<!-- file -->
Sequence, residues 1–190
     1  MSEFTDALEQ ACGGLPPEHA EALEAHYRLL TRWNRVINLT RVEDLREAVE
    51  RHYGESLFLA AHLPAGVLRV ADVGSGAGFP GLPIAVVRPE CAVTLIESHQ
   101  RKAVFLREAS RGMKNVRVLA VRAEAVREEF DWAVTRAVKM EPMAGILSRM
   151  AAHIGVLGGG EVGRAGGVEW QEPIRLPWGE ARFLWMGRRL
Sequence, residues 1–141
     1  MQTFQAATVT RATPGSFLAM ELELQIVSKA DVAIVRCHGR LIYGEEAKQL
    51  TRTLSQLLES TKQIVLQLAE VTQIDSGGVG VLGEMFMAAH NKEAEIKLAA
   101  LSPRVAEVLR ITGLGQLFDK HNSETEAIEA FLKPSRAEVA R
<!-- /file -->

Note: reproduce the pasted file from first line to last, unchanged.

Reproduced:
Sequence, residues 1–190
     1  MSEFTDALEQ ACGGLPPEHA EALEAHYRLL TRWNRVINLT RVEDLREAVE
    51  RHYGESLFLA AHLPAGVLRV ADVGSGAGFP GLPIAVVRPE CAVTLIESHQ
   101  RKAVFLREAS RGMKNVRVLA VRAEAVREEF DWAVTRAVKM EPMAGILSRM
   151  AAHIGVLGGG EVGRAGGVEW QEPIRLPWGE ARFLWMGRRL
Sequence, residues 1–141
     1  MQTFQAATVT RATPGSFLAM ELELQIVSKA DVAIVRCHGR LIYGEEAKQL
    51  TRTLSQLLES TKQIVLQLAE VTQIDSGGVG VLGEMFMAAH NKEAEIKLAA
   101  LSPRVAEVLR ITGLGQLFDK HNSETEAIEA FLKPSRAEVA R